SKY AND TELESCOPE JANUARY 1990 VOL. 79, No. 1 A New Decade Dawns for Astronomy An interview with John N. Bahcall, whose National Academy of Sciences committee is charged with setting priorities for U. S. astronomy in the 1990s Echoes of the Supernova David Malin and David Allen Light from Supernova 1987A is revealing the detailed, three-dimensional structure of interstellar dust sheets in the Large Magellanic Cloud Faster Than Light? Eric Sheldon Some distant radio sources appear to be expanding faster than the speed of light! Are they really breaking Einsteins famous cosmic speed limit? How Amateurs Will Use HST Stephen James O Meara Five amateurs, given the chance of a lifetime, will use the Hubble Space Telescope to help unlock some of the secrets of the universe AMATEUR ASTRONOMERS Jupiters North Equatorial Belt erupts ASTRONOMICAL COMPUTING Make your own planetary grids BOOKS AND THE SKY Cosmic encounters CELESTIAL CALENDAR A roundup of sky events for 1990 50 AND 25 YEARS AGO FOCAL POINT A personal view of Voyagers triumph at Neptune GLEANINGS FOR ATMs Are you old enough to remember Mogeys? IMAGES The Gamma Cygni nebulosity LETTERS NEWS NOTES OBSERVERS PAGE The search for the ashen light RAMBLING THROUGH THE SKIES Now appearing: Venus and Jupiter S&T TEST REPORT Part 2 of an 8-inch showdown SKY-GAZERS ALMANAC 1990 Celestial events every night this year COVER: As the Suns activity continues to rise toward what some experts believe will be the greatest maximum on record (see page 116), spectacular displays of aurora are becoming more frequent. Scott Nielsen of Superior, Wisconsin, watched the northern lights for five consecutive nights beginning last October 19th. As the orange glow of dawn began to well up from the eastern horizon on the morning of the 20th, he photographed this spectacular this spectacular red auroral sheet with a 24-mm wide-angle lens. For more photos of celestial scenes taken by our readers turn to page 112. FEBRUARY 1990 VOL. 79, No. 2 Neptune and Triton: Worlds Apart The Magnificent spectacle of Neptune, its rings, and Triton has taken on new clarity after months of analysis by the Voyager science team Getting To Know Neptune J. Kelly Beatty Before Voyager 2s flyby of Neptune, astronomers were puzzled because they knew so little about the place. Now they know a lot more – but they are still puzzled. The Legacy of Photos 2 Stuart J. Goldman Contrary to popular belief, the Phobos mission to Mars was not a complete failure. Only now is its scientific bounty being revealed. AMATEUR ASTRONOMERS Children: astronomys greatest resource ASTRONOMICAL COMPUTING What is that mirrors wavefront error? ASTRONOMY EXPRESS Exciting new comet BACKYARD ASTRONOMY Tune in to forecasts of sunspots and auroras BOOKS AND THE SKY Back to basics CELESTIAL CALENDAR Planetary occultations for 1990 50 AND 25 YEARS AGO FOCAL POINT The wrong way to hustle stars GLEANINGS FOR ATMs How to test your own mirror LETTERS NEWS NOTES OBSERVERS PAGE A primer for video astronomy RAMBLING THROUGH THE SKIES Two beacons in the night SOUTHERN STARS COVER: Warned by summer sunlight, a fountain of nitrogen spurts high into the near-black sky of Neptunes satellite Triton. Nitrogen-methane ices tinge the frigid surface with blues and pinks, and in the foreground part of the polar cap has warned and slumped to reveal a network of subterranean caves. The big moon surprised planetary scientists during Voyager 2s flyby last August, sporting several gas-powered eruptions that rose as high as 8 kilometers. All this activity would seem unlikely on a world where sunlight is some 900 time weaker than here on Earth and the temperature hovers within a few dozen degrees of absolute zero. No less amazing was Neptune itself, where winds race up to 2200 km per hour and whose face is pocked with a huge, Earth-size vortex called the Great Dark Spot. Voyager 2 obtained more than 9000 images of Neptune, its rings, and its satellites; many of them, including the latest computer-processed versions, appear in a stunning portfolio that begins on page 136. And, as described on page 146, Neptune and Triton proved every bit as scientifically as they did visually. Painting by David A. Hardy. MARCH 1990 VOL. 79, No. 3 Matter-Antimatter Paul Davies Antimatter may hold the key to the origin of all matter in the universe Target Earth: It Will Happen David Morrison and Clark R. Chapman Sooner or later, our planet will take a direct hit from an asteroid or comet big enough to wreak global havoc Are Periodic Bombardments Real? Paul Weissman The idea that comet showers regularly wipe out most life on Earth seems headed for the same fate as the dinosaurs. A Hollow Asteroid David A. Pierce Finding asteroids that come perilously close to the Earth takes persistence and a bit of luck Waiting for Comet Austin John E. Bortle The Stage is set for what may be the best comet since West in 1976. AMATEUR ASTRONOMERS News from around the world ASTRONOMICAL COMPUTING Do Atlases show star brightness correctly? BOOKS AND THE SKY The golden age of space exploration CELESTIAL CALENDAR An evening crescent Moon occults the Pleiades 50 AND 25 YEARS AGO FOCAL POINT The Metaphysics of stargazing GLEANINGS FOR ATMs Two all-wood construction projects LETTERS The pros and cons of searching for E. T. NEWS NOTES OBSERVERS PAGE Canadas enduring astrophotographer RAMBLING THROUGH THE SKIES An anniversary for a cold world COVER: The collision of an asteroid even one kilometer in diameter would have horrible consequences for Earth. Slamming into the ground at tens of kilometers per second, the object generates shock waves with pressures millions of times that of the atmosphere at sea level. Rocks at ground zero and in the impactor itself become squeezed to one-third their normal volume and squirt outward in molten streams. All life within hundreds of kilometers is wiped out. Meanwhile mountain of debris shoot high into the atmosphere, and the entire globe is soon cloaked with a dense shroud of dust. Such cataclysmic scenarios are no longer the sole province of science-fiction writers, for many scientists believe that most terrestrial life came to an abrupt end 65 million years ago when an asteroid 10 km across crashed into Earth. Beginning on page 261, astronomers David Morrison and Clark Chapman discuss the inevitability of such meeting. On page 266 theorist Paul Weissman examines the evidence that comets rain down on us periodically, and on page 272 David Pierce introduces us to young asteroid hunters trying to snare (on photographs) maverick objects that pass near the Earth and may someday collide with it. Painting by Don Davis. APRIL 1990 VOL. 79, No. 4 HST: Astronomys Discovery Machine Richard Tresch Fienberg Nearly two decades and 1.5 billion in the making, the Hubble Space Telescope is the most ambitious and capable astronomical satellite ever built. Heres your guide to its nuts and bolts Delivering HST to Orbit Steven A. Hawley No one is worried more about HSTs arrival in orbit than the shuttle crew taking it there. This is the story of the deployment flight, as told by the astronomer-astronaut who will ever-so-gently toss HST into space. Hubble Space Telescope: The Mission Eric J. Chaisson and Ray Villard Never mind how big HST is – what will it do in orbit? AMATEUR ASTRONOMERS Amateur accomplishments of 1989 ASTRONOMICAL COMPUTING Paper models of comet orbits BAKCYARD ASTRONOMY A $5 telescope Galileo would have loved BOOKS AND THE SKY Automatic telescopes and observing handbooks CELESTIAL CALENDAR Where to see Comet Austin 50 AND 25 YEARS AGO FOCAL POINT The Hubble Space Telescope: NASAs white elephant? GLEANINGS FOR ATMs Aircraft landing gear makes a fine mount LETTERS Celestron vs. Meade: the companies and the users react NEWS NOTES OBSERVERS PAGE Finders offer more than a way to point your telescope RAMBLING THROUGH THE SKIES Unraveling constellation histories COVER: After more than a decade of construction and testing, the Hubble Space Telescope – the first of four space-based Great Observatories – will begin its work in April if launch and deployment go as planned. After being lifted out of Space Shuttle Discoverys payload bay, the telescope will first extend its solar panels and high-gain antennas, but it will not be released until its pinting systems are checked. Only then will the shuttles manipulator arm let HST go, as it has just done here. Three articles, beginning on pages 366, 373, and 378, preview the deployment of HST and its mission; contrasting opinions about the wisdom of building this telescope appear in Focal Point on pages 356 and 357. This painting by Scott Kahler was provided by Ball Aerospace Systems Group, courtesy Bernadette Stechman. MAYO 1990 VOL. 79, No. 5 Seeking the Origins of Cosmic Rays David H. Smith Astronomers journey to the bottom of the world to trace the origins of the highest-energy particles and radiation that reach the Earth The Real Berenices Hair Philip Mozel The constellation Coma Berenices has its origin in an historical event: an Egyptian queens sacrifice to her gods Comet Austin at Dawn Alan M. MacRobert Will it wont it? Everyone is waiting to see whether the comet becomes bright or fades away An Observers Guide to Great Comets John Bortle With Comet Austin making its debut in the morning sky, now is a good time to learn what do look for in the all-too-rare great comet. Astrometry from Earth and Space Jean Kovalevsky Nearly all astronomical knowledge relies, in part , on instruments that measure the positions of celestial objects to a tiny fraction of an arc second AMATEUR ASTRONOMERS The farmer astronomer ASTRONOMICAL COMPUTING How a satellite in low orbit precesses BOOKS AND THE SKY NASA, politics, and the space telescope CELESTIAL CALENDAR Pluto closest to Earth in 250 years 50 AND 25 YEARS AGO FOCAL POINT Amateur astronomy on a shoestring GLEANINGS FOR ATMs Astronomy at West Point LETTERS NEWS NOTES OBSERVERS PAGE The Corona Borealis galaxy cluster RAMBLING THROUGH THE SKIES Cometary expectations S&T TEST REPORT A next-generation computer-aided telescope SOUTHERN STARS COVER: The Andromeda galaxy, M31, has been known since antiquity. The 4th-century Roman poet Rufus Festus Avienus alluded to it, and the Persian astronomer al-Sufi called it a little cloud some 700 years before the invention of the telescope. Not surprisingly, it has become one of the most studied objects in the heavens. Estimated to contain more than 300 billion stars, it is not only the nearest spiral galaxy to the Milky Way but also one of the largest known. On June 14, 1988, Colorado amateur A. Neyle Solle, Jr., photographed M31 as it appeared about 2.4 million years ago – the time its light took to reach Earth. Two of M31s satellite galaxies are also visible in the field; M32 is the bright circular patch above center, while M110 is at lower left. Solle used his 24 ½-inch f/6.2 Schmidt-Cassegrain reflector built by Astro Works Corp, for the 115-minute exposure. The film was a 4-by-5-inch sheet of gas-hypered Fujichrome 100D, which was developed as a negative in Unicolor K-2 chemestry. More photographs by readers appear in Gallery, beginning on page 568 JUNE 1990 VOL. 79, No. 6 Astro: Observatory in a Shuttle William P. Blair and Theodore R. Gull A Space Shuttle mission dedicated to astronomy – complete with high-flying Dazzling Views from Europes NTT Richard Tresch Fienberg The European Southern Observatorys 3.58-meter New Technology Telescope is producing some of the sharperst ground-based astronomical images ever seen Probing the Primeval Fireball Joseph Silk NASAs Cosmic Background Explorer satellite is now in orbit and poised to provide important new insights into the early universe. The Mysterious SU UMa Stars Philip A. Charles After decades of frustration, astronomers are beginning to understand the complex behavior of these short-period cataclysmic variables AMATEUR ASTRONOMERS Observing below the Everglades ASTRONOMICAL COMPUTING A guide to astronomical software BACKYARD ASTRONOMY Star-hopping through Scorpius BOOKS AND THE SKY The scientific rationale for Space Telescope CELESTIAL CALENDAR Last chance for Comet Austin 50 AND 25 YEARS AGO FOCAL POINT The cult of the missing mass GLEANINGS FOR ATMs Building a 14-inch pocket scope INDEX TO VOLUME 79 LETTERS NEWS NOTES OBSERVERS PAGE An exciting time for Jupiter observers RAMBLING THROUGH THE SKIES Motions of the stars SOUTHERN STARS COVER: The European Southern Observatorys 3.58-meter New Technology Telescope (NTT), dedicated in February, is already proving that active optics, a carefully designed building, and an excellent mountaintop site make for superb astronomical views. This false-color CCD image of a 2-arc-minute field in the Large Magellanic Cloud shows the nebulous region around Supernova 1987A, the bright object toward lower left. Massimo Tarenghi made this 5-minute exposure in the red light of singly ionized nitrogen. The colors indicate subtle differences in the surface brightness of the gas filaments. North is to left. Inset: This close-up, also in false color, penetrates deep into the maelstrom around SN 1987A for a look at the gas ejected by the star in its earlier red-supergiant phase. The supernova itself as well as several nearby compassion stars have been removed by computer processing. The bright red oval and fainter loops constitute material blown off the star over a period of perhaps 100,000 years. Debris from the supernova explosion will ultimately overtake and destroy these gas shells. The large yellow area, spanning about 13 arc seconds, is light from the intense blast reflected by dust grians. More NTT images appear beginnings on page 596. Photographs courtesy the European Southern Observatory. JULY 1990 VOL. 80, No. 1 The Keck Telescopes Giant Eye Roger W. Sinnott Rapidly nearing completion atop Hawaiis Mauna Kea, it will be the worlds largest optical telescope – by far The Battle Against Light Pollution David L. Crawford and Tim B. Hunter Light pollution is swallowing our nighttime sky, ruining views for astronomers and the public. Heres how you can help minimize its impact. Hubble Space Telescope Takes Wing Richard Tresch Fienberg The Space Shuttle Discovery gave HST a magnificent ride into Earth orbit. But the telescopes first days in space were marred by a string of technical glitches Are Spiral Galaxies Heavy Smokers? Jonathan Davies, Michael Disney, and Steven Phillipps If dust clogs the disks of most spiral galaxies, there could be much more to these cosmic pinwheels than meets the eye AMATEUR ASTRONOMERS Opening astronomy to the blind ASTRONOMICAL COMPUTING The real way to measure positions on photos BOOKS AND THE SKY Neutrino astrophysics CELESTIAL CALENDAR A solar eclipse and Saturns moons 50 AND 25 YEARS AGO FOCAL POINT Light pollution: situation hopeless but not serious GLEANINGS FOR ATMs How to test a flat mirror with water LETTERS NEWS NOTES OBSERVERS PAGE An observers guide to summer nebulae RAMBLING THROUGH THE SKIES eclipse as prelude COVER: One of two giant bearings swings through the slit of the W. M. Keck Observatory dome, a dramatic moment last November in the 10-meter telescopes construction .Situated at 13,600 feet above sea level near the summit of Mauna Kea in Hawaii, this instrument will have a unique primary mirror formed from 36 separately polished hexagonal segments. When as few as nine of them are in place – a milestone expected within a few months – the Keck will surpass the Palomar 200-inch telescope in light-grasp. Five more segments will push it beyond the Soviet 6-meter reflector, making Keck the worlds largest optical telescope. The full complement of 36 mirror segment should be installed by the end of 1991. Photograph by Peter French. For more on this trailblazing telescope, a joint project of the University of California and the California Institute of Technology, turn to page 15. AUGUST 1990 VOL. 80, No. 2 Rosat and the X-Ray Universe J. Kelly Beatty Fresh X-ray images of the cosmos are on their way to waiting astronomers, thanks to a new international satellite launched in May Observing Mars in 1990-91 Donald C. Parker, Jeffrey D. Beish, and Carlos E. Hernandez The last good apparition of Mars until 2001 has begun. Heres how to make the most of observing the red planet this summer, fall, and winter The William Herschel Telescope Ian Ridpath British astronomers finally have access to a world-class telescope in the Northern Hemisphere far from the murky skies of their home islands. Hubble Telescope Sees First Light Richard Tresch Fienberg Much to astronomers delight, the first image from the Hubble Space Telescopes wide-field camera was even sharper than predicted. But the best is yet to come What Are Gamma-Ray Busters? Kevin Hurley Despite two decades of study, frustrated astronomers still don’t know where occasional blasts of cosmic high-energy radiation are coming from AMATEUR ASTRONOMERS Austin and his comet ASTRONOMICAL COMPUTING Honest Abe Lincoln and the Moon BOOKS AND THE SKY Hunting quarks and supernovae CELESTIAL CALENDAR Occultations of Jupiter and the Pleiades 50 AND 25 YEARS AGO FOCAL POINT Astronomy on the sidewalk GLEANINGS FOR ATMs Build your own radio telescope LETTERS NEWS NOTES OBSERVERS PAGE Young Moons, summer comets, and public astronomy RAMBLING THROUGH THE SKIES Summer globulars SOUTHERN STARS COVER: The Hubble Space Telescope (HST) began its 15-year voyager of discovery on April 24th with a flawless launch aboard the Space Shuttle Discovery. One day later astronaut Steven Hawley used the shuttles robot arm, seen reaching in from the right in this photograph, to lift the 13-meter-long, 11,600-kilogram telescope out of the cargo bay. Then, while Hawley and his four crewmates watched through the shuttles windows, controllers at NASAs Goddard Space Flight Center sent commands to unroll HSTs gold-colored solar-cell arrays and to swing its dish-shaped communication antennae into place. Here the first of two solar-cell wings is about three-fifths of the way out. Later problems nearly led to an emergency space walk, as described in last months issue. But soon HST was released to orbit separately 614 kilometers above the Earth. After 3 ½ weeks of testing its space legs, HST snapped a first light image on May 20th. For a look at this historic picture and what it says about HSTs early performance, see page 140. Photograph courtesy NASA SEPTEMBER 1990 VOL. 80, No. 3 A Universe of Bubbles and Voids Richard Tresch Fienberg A map of two million galaxies makes plain the frothy, large-scale structure of the cosmos. The largest galaxy chains may not spell doom for the Big Bang after all. Pulsars Today Sir Francis Graham-Smith Rapidly spinning, magnetized neutron stars exhibit bizarre physical conditions and processes unattainable in the laboratory. The Hobbled Space Telescope Richard Tresch Fienberg Astronomers are reeling from the news that the Hubble Space Telescopes scientific capabilities have been drastically reduced by badly flawed optics Mercury: The Forgotten Planet Robert G. Strom Other worlds have basked in the spotlight of scientific attention during the past several years, but much is still to be learned about the closest planet to the Sun. AMATEUR ASTRONOMERS Riverside philosophy ASTRONOMICAL COMPUTING Get your computer ready for Mars BACKYARD ASTRONOMY The subtleties of setting circles BOOKS AND THE SKY Time-Lifes Vogaye Through the Universe CELESTIAL CALENDAR Comet Levy: growing bright? 50 AND 25 YEARS AGO FOCAL POINT Pity the telescope widow GLEANING FOR ATMs Achieving optical excellence IMAGES Deep in the Gum nebula LETTERS NEWS NOTES OBSERVERS PAGE Stalking geostationary satellites with a camera RAMBLING THROUGH THE SKIES Full Moon fever S&T TEST REPORT A new CCD for amateurs is a boon to photographers Center SKY & TELESCOPES ASTRONOMY RESOURCE GUIDE COVER: At first glance the barren, crater-ravaged surface of Mercury resembles that of our Moon. However, the Suns closest planet has significant differences in topography and composition, as well as being 40 percent larger. More than 15 years have passed since Mariner 10 obtained our first and only closeup views of Mercury, Scientists hope to mount a return trip – perhaps placing a spacecraft in orbit around the planet – to further explore such mysteries as Mercurys formation and evolution and the structure of its interior, which are described in Robert Stroms article beginning on page 256. This photomosaic of 18 images was taken by Mariner 10 on March 29, 1974, from a distance of about 210,000 kilometers, six hours after closest approach. The original images 1-kilometer resolution is comparable to the best Earth-based views of the Moon. Courtesy NASA and the Jet Propulsion Laboratory. OCTOBER 1990 VOL. 80, No. 4 Space Telescope: Picking Up the Pieces Richard Tresch Fienberg While NASA and the Congress labor to discover how the Hubble Space Telescope ended up with badly flawed optics, project astronomers search for ways to accomplish as many of the missions early scientific goals as possible Queen of the Giant Storms Reta F. Beebe Is Jupiters Great Red Spot really a huge hurricane? Well Versed in Astronomy Kenneth Weitzenhoffer What have poets throughout the centuries had to say about astronomy? Spinning Through Curved Space-Time David H. Smith General relativity predicts an exotic magnetic aspect of gravity that will be tested by a new satellite dubbed Gravity Probe B. Bad News for Brown Dwarfs Richard Tresch Fienberg The Milky Way is supposedly teeming with objects that aren’t quite planets and aren’t quite stars, but astronomers still haven’t found one for sure An Adventurous Astronomer David S. Evans Jean-Charles Houzeau was a firebrand adventurer – and an astronomer The Solar-Neutrino Mystery Deepens David H. Smith A new twist in the Suns neutrino saga has theorists scratching their heads AMATEUR ASTRONOMERS Popular astronomy in an unlikely language ASTRONOMICAL COMPUTING What 32 years of star trails can tell BOOKS AND THE SKY Soviets in space CELESTIAL CALENDAR Planets through your camcorder 50 AND 25 YEARS AGO FOCAL POINT The Hubble Space Telescope: a public failure GLEANING FOR ATMs A finderscope that tune like a violin IMAGES Buried treasure of Cygnus LETTERS NEWS NOTES OBSERVERS PAGE A flea-market astrocamera RAMBLING THROUGH THE SKIES Phase phenomena SOUTHERN STARS COVER: NASA has always intended to dispatch astronauts to install new instruments on the Hubble Space Telescope. The need to do so has become quite urgent since the discovery that one of its mirrors has the wrong shape. The article beginning on page 352 describes the most promising fix: installing corrective optics on a mission now scheduled for 1993. Then, around 1996, another shuttle crew install NICMOS (the near-infrared camera and multiple-objective spectrometer), as depicted here. NICMOS will be built by Ball Aerospace Systems Group, whose staff artist B. Scott Kahler prepared this painting especially for Sky & Telescope. Courtesy Bernadette Stechman. NOVEMBER 1990 VOL. 80, No. 5 Twilight Time for the Fifth Force? Clifford M. Will The foundation of 20th-century physics were shaken when researchers thought they had discovery a fifth force in nature Getting to the Shadow Stephen James OMeara, William H. Bonney, and Stuart J. Goldman Fewer and fewer options remain for travelers to the 1991 total solar eclipse Rendezvous with s Star Gary L. Bennett European and American space scientists eagerly await the lunch of Ulysses, the long-delayed mission to study the Suns polar regions AMATEUR ASTRONOMERS The Legacy of William Tyler Olcott ASTRONOMICAL COMPUTING Is Hubble visible where you live? BOOKS AND THE SKY Astronomical research for amateurs CELESTIAL CALENDAR Discovery of a new Mira Variable 50 AND 25 YEARS AGO FOCAL POINT Ulysses mushroom cloud of controversy GLEANINGS FOR ATMs A long-cabin observatory IMAGES A portrait of the Earth as seen from space LETTERS NEWS NOTES OBSERVERS PAGE Deep-sky objects that do something RAMBLING THROUGH THE SKIES Playing planetary catch-up S&T TEST REPORT How good are commercial 10-inch mirrors? COVER: Here is the planet Earth as no human eye will ever see it: totally free of clouds and illuminated uniformly. Artist Tom Van Sant and computer-graphics expert Lloyd Van Warren created this composite map using a Stardent color-graphics supercomputer and images from NOAA weather satellites. It resolves surface feautures down to four kilometers across. Van Sant and his associates are producing naturally colored GeoSpheres, or reality globes, to help teach about changes in the environment and in the distribution of natural resources. Another view of the satellite map, showing our whole planet in a rectangular projection, appears on page 480 along with a detailed description of how it was constructed. Courtesy Tom Van Sant, Inc., and the GeoSphere project. DECEMBER 1990 VOL. 80, No. 6 Roger Ressmeyers Universe Tour the worlds major observatories and space centers, as seen through the eyes of an award-winning photographer A Star Is Born Rudolph E. Schild The birth of a star is one of the least-understood events in astronomy Magellan at Venus: First Results J. Kelly Beatty Although balky at first, the Magellan orbiter has begun to dazzle scientists with its radar imagery of Venus complex surface AMATEUR ASTRONOMERS Jupiters South Equatorial Belt returns ASTRONOMICAL COMPUTING Create your own spiral galaxies BACKYARD ASTRONOMY Star-hopping through the rich fields of Auriga BOOKS AND THE SKY Intelligent life in the universe CELESTIAL CALENDAR Looking for the moons of Mars 50 AND 25 YEARS AGO FOCAL POINT All astronomers should be educators GLEANINGS FOR ATMs Warning your dewcap INDEX TO VOLUME 80 LETTERS NEWS NOTES OBSERVERS PAGE Comet Levy, a Jupiter occultation, and more RAMBLING THROUGH THE SKIES Stellar name games SOUTHERN STARS COVER: When it comes to portraiture of the worlds great astronomical and space centers, no one approaches the success or completeness of photographer Roger Ressmeyer. Take, for example, this 1987 scene at the summit of Mauna Kea in Hawaii, in which delicately colored, circumpolar star trails frame the dome of the 3.6-meter Canada-France-Hawaii Telescope. His 2-hour exposure captured the feeble glow of late-evening twilight and a parade of headlights encircling the domes base. Moonlight illuminates the domes right (east) side. Ressmeyers assignments over two decades have taken him to a score of remote mountain peaks, launch complexes on four continents, and a host of other facilities. An eight-page pictorial from Ressmeyers book Space Places, beginning on page 592, showcases some of the highlights of his ongoing photographic odyssey.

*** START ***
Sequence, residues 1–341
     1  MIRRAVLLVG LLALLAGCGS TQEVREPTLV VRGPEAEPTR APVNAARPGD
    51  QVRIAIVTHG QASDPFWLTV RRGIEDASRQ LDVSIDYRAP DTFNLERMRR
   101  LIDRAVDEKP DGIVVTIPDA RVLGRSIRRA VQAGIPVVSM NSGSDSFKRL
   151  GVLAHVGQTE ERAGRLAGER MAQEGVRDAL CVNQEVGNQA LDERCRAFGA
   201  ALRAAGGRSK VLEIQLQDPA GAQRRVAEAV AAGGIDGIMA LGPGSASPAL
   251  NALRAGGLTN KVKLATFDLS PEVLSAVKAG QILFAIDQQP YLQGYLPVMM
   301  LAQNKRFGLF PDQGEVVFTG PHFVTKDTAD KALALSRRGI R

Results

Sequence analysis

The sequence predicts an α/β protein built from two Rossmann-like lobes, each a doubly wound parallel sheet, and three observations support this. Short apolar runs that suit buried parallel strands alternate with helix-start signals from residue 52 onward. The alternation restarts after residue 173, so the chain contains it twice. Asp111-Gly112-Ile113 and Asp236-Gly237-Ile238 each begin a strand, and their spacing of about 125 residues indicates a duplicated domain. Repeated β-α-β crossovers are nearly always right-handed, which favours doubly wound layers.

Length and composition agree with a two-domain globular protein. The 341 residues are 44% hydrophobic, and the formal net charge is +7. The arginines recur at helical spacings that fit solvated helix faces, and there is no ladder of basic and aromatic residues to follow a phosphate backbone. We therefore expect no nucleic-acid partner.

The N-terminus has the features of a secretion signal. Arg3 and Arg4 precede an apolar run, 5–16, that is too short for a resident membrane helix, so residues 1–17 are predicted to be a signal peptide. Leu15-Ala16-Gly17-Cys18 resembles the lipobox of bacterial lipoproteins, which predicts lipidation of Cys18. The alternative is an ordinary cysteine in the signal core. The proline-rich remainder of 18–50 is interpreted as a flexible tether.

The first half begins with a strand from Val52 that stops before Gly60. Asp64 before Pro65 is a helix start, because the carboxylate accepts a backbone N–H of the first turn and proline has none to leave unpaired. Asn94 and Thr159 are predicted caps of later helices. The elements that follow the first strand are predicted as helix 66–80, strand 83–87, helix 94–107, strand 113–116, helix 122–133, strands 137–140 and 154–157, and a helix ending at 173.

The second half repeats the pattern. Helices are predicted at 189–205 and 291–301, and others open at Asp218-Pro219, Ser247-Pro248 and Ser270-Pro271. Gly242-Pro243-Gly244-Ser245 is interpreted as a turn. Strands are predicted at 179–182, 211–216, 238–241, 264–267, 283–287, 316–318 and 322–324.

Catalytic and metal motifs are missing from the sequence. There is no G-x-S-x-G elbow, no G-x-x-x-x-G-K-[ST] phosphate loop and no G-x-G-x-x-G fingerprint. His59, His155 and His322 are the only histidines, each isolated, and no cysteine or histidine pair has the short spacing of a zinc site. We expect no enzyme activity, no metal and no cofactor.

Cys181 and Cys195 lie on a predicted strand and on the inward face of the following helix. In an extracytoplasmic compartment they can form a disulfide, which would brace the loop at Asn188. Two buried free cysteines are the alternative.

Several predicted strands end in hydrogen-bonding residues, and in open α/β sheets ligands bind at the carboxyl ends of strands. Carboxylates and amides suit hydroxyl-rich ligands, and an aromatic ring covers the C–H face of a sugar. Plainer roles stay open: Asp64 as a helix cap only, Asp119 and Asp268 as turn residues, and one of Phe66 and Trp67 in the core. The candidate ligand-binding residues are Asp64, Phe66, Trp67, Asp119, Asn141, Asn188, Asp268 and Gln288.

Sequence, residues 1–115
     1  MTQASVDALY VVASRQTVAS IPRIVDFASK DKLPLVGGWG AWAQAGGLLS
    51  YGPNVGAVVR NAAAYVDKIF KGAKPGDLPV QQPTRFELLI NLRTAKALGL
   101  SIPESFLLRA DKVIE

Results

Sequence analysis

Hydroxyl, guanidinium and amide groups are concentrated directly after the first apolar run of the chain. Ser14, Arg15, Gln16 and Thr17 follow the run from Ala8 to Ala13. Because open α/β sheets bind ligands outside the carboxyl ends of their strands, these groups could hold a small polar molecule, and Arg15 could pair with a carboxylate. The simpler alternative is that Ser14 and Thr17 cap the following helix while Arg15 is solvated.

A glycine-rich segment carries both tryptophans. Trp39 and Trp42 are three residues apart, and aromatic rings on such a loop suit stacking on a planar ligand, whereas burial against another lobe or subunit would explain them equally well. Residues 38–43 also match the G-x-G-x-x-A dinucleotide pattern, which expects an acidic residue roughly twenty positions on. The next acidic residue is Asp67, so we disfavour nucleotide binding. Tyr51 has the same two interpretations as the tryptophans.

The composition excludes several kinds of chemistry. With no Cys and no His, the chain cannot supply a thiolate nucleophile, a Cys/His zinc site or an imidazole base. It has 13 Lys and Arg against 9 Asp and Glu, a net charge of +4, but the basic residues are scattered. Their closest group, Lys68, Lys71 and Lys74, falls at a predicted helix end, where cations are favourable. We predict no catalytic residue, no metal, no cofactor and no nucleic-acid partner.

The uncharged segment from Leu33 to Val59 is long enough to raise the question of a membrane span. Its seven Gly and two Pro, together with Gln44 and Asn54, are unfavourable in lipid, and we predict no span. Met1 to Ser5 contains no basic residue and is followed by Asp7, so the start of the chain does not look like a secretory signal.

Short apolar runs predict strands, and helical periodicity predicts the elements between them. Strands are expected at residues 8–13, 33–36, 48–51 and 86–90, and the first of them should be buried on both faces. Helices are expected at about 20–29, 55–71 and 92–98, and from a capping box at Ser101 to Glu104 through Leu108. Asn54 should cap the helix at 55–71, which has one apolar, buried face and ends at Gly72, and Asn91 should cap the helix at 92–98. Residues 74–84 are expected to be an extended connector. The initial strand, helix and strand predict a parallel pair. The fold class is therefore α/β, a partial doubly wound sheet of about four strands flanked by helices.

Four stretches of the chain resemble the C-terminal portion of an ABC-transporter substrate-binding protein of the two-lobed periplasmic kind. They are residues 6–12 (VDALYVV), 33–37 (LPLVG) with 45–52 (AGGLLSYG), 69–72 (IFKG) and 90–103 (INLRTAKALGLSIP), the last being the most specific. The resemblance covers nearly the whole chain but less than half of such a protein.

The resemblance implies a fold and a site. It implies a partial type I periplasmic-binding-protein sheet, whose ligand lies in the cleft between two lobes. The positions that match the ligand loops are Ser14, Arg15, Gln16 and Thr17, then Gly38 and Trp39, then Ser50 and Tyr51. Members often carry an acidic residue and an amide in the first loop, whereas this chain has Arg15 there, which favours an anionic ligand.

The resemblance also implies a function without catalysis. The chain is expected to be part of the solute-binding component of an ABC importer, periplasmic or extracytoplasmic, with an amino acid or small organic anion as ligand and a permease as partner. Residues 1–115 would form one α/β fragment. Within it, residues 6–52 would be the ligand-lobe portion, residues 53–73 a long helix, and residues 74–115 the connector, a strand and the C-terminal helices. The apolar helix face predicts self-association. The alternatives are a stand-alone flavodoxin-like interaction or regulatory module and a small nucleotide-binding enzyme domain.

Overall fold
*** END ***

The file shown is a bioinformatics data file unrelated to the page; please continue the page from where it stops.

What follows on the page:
Número Ingreso Código Base de Datos Ubicación Tipo # Ej. Status Devolución Reserva
1052433HR 520 ENE-DIC 1990 ST  Colección Mario Sotillo UCSP - Sucre Original 1Disponible